My immersion experience began with the driver of the shuttle who took us to the bar.  He recounted the story of the previous evening’s game, sharing with emotion how he had been close to tears when it looked like his beloved team may lose.     His voice, hoarse from all the screaming, now had a lilt in it as he spoke of the team’s dramatic win.  They had managed to turn things around and to listen to him; it had been close to a spiritual experience.

In the restaurant people were already seated in the front row.   Dressed in their Heat attire, they were screaming and throwing their hands up to clap for a play which brought the team a little closer to winning.   

I began thinking of the role these sportsmen played for people, young and old from all walks of life and I found myself wondering : “Who do we make our heroes and why? “

When I think of my heroes, the people that come to mind are rarely those with celebrity.  Oh, I admit, Oprah holds a special place for me as I’m sure she does for many, but I think instead, of Sister Mendonca my fifth grade teacher who had the kindest, most loving heart.   She made some difficult times a bit easier to bear and I have never forgotten her for it.  

Now in middle age, I think of my father as another hero.  This surprises me at first, but it is a good choice nonetheless.   He was a tough, scary man, but he modeled some of the most important principles in life for which I am very grateful.  The best parts of me are all as a result of having him as my father. 

I sometimes sit across from my clients and wonder, am I a hero for them?    If so, I hope I can be like my heroes, who in very humble and unassuming ways gave me so much. 

Take the time to seek out your heroes.   They often go unnoticed, flying under the radar with little or no awareness of their own magnificence, but they are heroes nonetheless.

Let them know how they have impacted you.  Then, think about how you can be a hero for someone else and do it.  You may just change a life in unexpected ways.   Unleash the hero within you.  I promise you it’s there …ready and waiting to get into the heat of the game.

Rosemary De Faria, LCSW has a psycho-spiritual psychotherapy practice in Miami, Florida.  With over 20 years experience she uses both traditional and alternative therapies in working with her clients.  To read more about Rosemary or to read more of her articles, please visit Mention this blog article for a complementary phone consultation: 954-966-3446.

Tags: , ,

relationships, friendships | Self-Care | Social Work | Therapeutic Relationship

Friendship, Love and Marriage

by Gil Shepard Thursday, April 18, 2013


When someone says, “She (or he) is just a friend,” this generally means the relationship is not romantic, not sexual and not too intimate. It is also understood to mean, “You need not take this too seriously.”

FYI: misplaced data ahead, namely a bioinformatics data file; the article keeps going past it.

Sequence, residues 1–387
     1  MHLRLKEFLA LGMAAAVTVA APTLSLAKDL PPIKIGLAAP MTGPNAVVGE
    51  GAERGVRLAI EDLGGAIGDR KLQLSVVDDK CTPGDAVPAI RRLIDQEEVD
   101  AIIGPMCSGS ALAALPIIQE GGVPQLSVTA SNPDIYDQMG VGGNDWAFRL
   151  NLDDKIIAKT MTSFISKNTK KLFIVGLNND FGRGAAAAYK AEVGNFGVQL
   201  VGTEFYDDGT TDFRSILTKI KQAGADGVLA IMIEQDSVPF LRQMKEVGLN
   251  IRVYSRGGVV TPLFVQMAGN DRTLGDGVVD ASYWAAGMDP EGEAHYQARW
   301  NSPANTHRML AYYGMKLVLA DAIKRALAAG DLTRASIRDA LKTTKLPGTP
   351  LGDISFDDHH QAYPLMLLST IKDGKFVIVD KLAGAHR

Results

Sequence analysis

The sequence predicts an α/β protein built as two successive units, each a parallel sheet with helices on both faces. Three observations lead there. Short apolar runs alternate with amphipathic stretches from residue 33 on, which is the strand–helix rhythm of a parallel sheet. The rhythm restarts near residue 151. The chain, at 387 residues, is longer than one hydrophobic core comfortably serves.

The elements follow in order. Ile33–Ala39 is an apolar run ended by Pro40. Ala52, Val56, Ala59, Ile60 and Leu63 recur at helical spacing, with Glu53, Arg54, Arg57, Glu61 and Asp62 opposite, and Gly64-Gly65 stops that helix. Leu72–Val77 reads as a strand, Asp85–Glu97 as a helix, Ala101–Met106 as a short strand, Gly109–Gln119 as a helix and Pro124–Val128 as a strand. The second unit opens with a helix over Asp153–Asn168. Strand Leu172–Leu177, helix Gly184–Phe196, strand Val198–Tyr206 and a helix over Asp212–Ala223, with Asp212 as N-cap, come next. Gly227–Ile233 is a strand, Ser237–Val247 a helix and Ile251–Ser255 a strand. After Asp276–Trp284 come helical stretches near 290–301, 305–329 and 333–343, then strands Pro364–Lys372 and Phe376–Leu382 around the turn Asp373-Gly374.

On the other hand we sometimes hear someone say in a reverent way about a spouse, or a partner, “He (or she) is my best friend.” This is saying, “Yes, lots of people are married, lots of people have sex and live together, but what we share is a special trust, support and a rich love.”

What does it take to have this rich enviable friendship? For a start it takes risking being open about one’s feelings, being gently honest about what one thinks and does, being able to deal with disagreements in a relatively calm manner and being able to negotiate differences.

Unfortunately these skills are rarely taught in childhood. Instead many of us learned not to trust because we found caregivers not safe, not trustworthy and it was not smart to trust. Suspicion and fear are often survival skills in childhood but as an adult they can impede love. To learn how to be a true friend and how to choose someone trustworthy may take relearning in a safe environment.

In effective relationship therapy you may learn techniques, like how to let another person know that you heard what they said by repeating what you think you heard back to them and checking to see if you are correct. You may learn certain "no-no's" like telling someone they "should" do or be a different way. That is a sure way to create distance in a relationship very quickly, almost as fast as by telling someone they are stupid. These things certainly do not gain intimacy.

But most effective may be observing the therapist's style and emotional tone. Or you may notice that the therapist may see things very differently from the way you have seen them and wonder what he sees that you don't. You may explore why your partner's comments are so upsetting to you. What does it remind you of in your history? It can be very helpful to have a wise and experienced guide to do this and feel safe.



Gil Shepard is a licensed Marriage and Family Therapist in Walnut Creek, California


Tags: , , , , , ,

Social Work | Therapeutic Relationship | relationships, friendships | marriage

The Social Worker's Role in Major Mental Illness

by Joan E. Shapiro LCSW BCD Wednesday, June 29, 2011

Maze of Mental Illness


After receiving a diagnosis of schizophrenia, bipolar disorder, or a personality disorder, one can become overwhelmed with the seemingly disastrous news. Fear and anxiety may creep in and take over, but it is important to gain knowledge and learn how best to cope with the news. By learning about these disorders, one can come to terms with the diagnosis and move toward seeking appropriate treatment.